Plant-Hillsborough rivalry steeped in history

Hillsborough and Plant begin seasons by keeping alive a rivalry that began in the 1928.
Published August 24 2017
Updated August 24 2017

TAMPA — Earl Garcia was sitting in his office across the street from Hillsborough High School one evening 15 years ago when an old man stopped by for a visit, VHS tape in tow. The man asked if he could show Garcia what was on the tape, so the longtime Terriers coach popped it in the VCR. Immediately, a piece of Hillsborough County football lore showed up on the screen.

On that tape was the 1946 game between Plant and Hillsborough, a tradition that was started in the 1920s and is still thought to be the oldest high school rivalry in the state.

"You see that guy right here? No. 45?" the man asked Garcia. "That's your dad."

Earl Garcia Sr., who played for the team his son has now coached for the past 25 years, died when Garcia was just 11 years old. And while that game tape provided Garcia a piece of family history, it also has served as a teaching tool for his own players about the rivalry that started it all in Hillsborough County.

"He gave it to me, and we show those kids that tape every year," said Garcia, a Plant alumnus. "It's really hilarious. That place was sold out, thousands of people there, everyone was in hoop skirts. It kind of gives a time line to how long we've been playing."

Friday night, Hillsborough and Plant will square off in a season opener, extending a tradition that has become a little bit less of one in recent years. For generations, the matchup was a focal point of the season. Once dubbed the "Turkey Bowl," the game used to be played every Thanksgiving at Tampa Stadium.

Friday, the teams will play for just the second time in six seasons, after last year's matchup was cancelled because of a storm and never rescheduled.

Despite the brief lapse in tradition, memories of classic Plant-Hillsborough matchups abound. For Kenric Montgomery Sr., who played for Garcia in 1996 when the Terriers went to the state championship, the rivalry comes full circle. His son, Ken Montgomery, a senior UCLA commit, is a cornerback for the Terriers.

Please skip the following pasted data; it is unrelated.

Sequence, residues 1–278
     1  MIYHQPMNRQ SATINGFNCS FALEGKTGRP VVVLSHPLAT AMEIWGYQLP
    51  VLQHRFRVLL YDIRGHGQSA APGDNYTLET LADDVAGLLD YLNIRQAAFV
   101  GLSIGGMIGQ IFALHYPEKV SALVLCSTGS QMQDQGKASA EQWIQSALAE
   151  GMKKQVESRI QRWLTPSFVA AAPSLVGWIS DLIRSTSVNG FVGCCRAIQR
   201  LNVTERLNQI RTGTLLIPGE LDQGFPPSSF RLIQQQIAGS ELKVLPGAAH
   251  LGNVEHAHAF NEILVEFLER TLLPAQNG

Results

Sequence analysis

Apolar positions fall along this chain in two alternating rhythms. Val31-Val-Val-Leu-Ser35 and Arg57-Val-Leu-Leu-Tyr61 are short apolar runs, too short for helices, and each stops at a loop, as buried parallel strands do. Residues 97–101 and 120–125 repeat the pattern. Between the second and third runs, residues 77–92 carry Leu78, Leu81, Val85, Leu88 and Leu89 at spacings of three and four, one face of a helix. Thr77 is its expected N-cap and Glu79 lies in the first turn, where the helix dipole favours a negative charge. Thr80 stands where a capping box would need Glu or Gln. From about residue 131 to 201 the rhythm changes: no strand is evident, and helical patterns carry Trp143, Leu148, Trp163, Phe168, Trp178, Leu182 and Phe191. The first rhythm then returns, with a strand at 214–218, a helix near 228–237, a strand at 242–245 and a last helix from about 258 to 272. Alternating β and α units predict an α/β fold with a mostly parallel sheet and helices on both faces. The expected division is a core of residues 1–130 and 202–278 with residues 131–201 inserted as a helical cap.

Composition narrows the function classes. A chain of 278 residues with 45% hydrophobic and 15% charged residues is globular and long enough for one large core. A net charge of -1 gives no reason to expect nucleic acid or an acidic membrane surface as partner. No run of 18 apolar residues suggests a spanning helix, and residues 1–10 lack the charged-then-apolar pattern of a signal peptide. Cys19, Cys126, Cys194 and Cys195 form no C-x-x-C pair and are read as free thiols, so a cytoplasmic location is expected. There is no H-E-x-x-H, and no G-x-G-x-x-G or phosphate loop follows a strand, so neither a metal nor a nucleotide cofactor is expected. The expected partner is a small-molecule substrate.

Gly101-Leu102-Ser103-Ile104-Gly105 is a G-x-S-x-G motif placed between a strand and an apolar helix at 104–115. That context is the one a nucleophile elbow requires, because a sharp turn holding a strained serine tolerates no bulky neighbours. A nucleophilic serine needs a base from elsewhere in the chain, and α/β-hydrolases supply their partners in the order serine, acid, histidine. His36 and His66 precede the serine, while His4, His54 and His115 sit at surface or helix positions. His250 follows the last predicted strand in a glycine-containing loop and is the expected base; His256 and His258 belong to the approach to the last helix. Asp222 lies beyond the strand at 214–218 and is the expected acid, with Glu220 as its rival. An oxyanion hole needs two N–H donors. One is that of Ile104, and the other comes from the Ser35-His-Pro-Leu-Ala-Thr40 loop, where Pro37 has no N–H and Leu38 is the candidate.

"A lot of times I run into people from Plant I played against, and we're like, 'Man, we used to schedule you guys for homecoming.' We used to beat up on Plant pretty good, but now it seems like the rivalry has flipped itself," the elder Montgomery said. "You'd think 20 years is such a long time, but it's amazing how fast it goes by."

For Weiner and the rest of the Plant staff, they're glad it has.

In 2005 the Panthers lost 31-14 to Hillsborough. It was Weiner's second season at the helm for Plant, and the Panthers had lost the past 17 matchups with their rival. When Weiner met Garcia to shake hands at midfield, it was with a sense of frustrated defeat.

"I was like, 'Earl, this is not a rivalry,' " Weiner recalled. "'We have to win a couple games to consider this a rivalry.' "

And ever since that day, that's exactly what Plant has done.

The Panthers have won the past six matchups, and Weiner can still quote stats from memory that reflect the recent success his teams have had against their longtime rival. In 2006 and 2007, Weiner said, it was the Cornelius Gallon show, as the wide receiver and cornerback came down with the winning interception as a junior and posted 222 all-purpose yards the next year to lead the Panthers to victory twice.

Now, Gallon serves on Weiner's staff as a wide receivers coach, and he's made it a personal mission to ensure current players understand the magnitude of the game they're about to play.

"I don't know if Earl knows that Gallon is on my staff," said Weiner, laughing, "but Earl will most definitely cringe when he sees Cornelius step onto that field."

Garcia and Weiner agree their teams need to play every season, but being in different classifications has made scheduling tough at times. Garcia said he'd love to see it played on a special day, like a Saturday or a Thursday, to make the matchup stand out, and Weiner has often wondered about the feasibility of playing on a University of Tampa field with the city skyline as a backdrop.

But until the annual tradition is officially restored, both coaches simply try and explain the meaning behind something that started generations before their players' were born.

Weiner said he and his staff — including linebackers coach Greg Meyer, who played in three Plant-Hillsborough games as a student in the 1990s — tell them stories of games past. Displayed in the fieldhouse that sits behind Dad's Stadium are five game-used footballs from Plant-Hillsborough matchups, the faded scores still visible on the leather that has been tattered and torn with age.

"These kids, in their generation, they think a little more about Armwood and those matchups. But (Hillsborough), that's something we hold dear to us," Meyer said. "It's easy to look past if you don't understand the full history of it. But for us, that's all we wanted. Beat Hillsborough."

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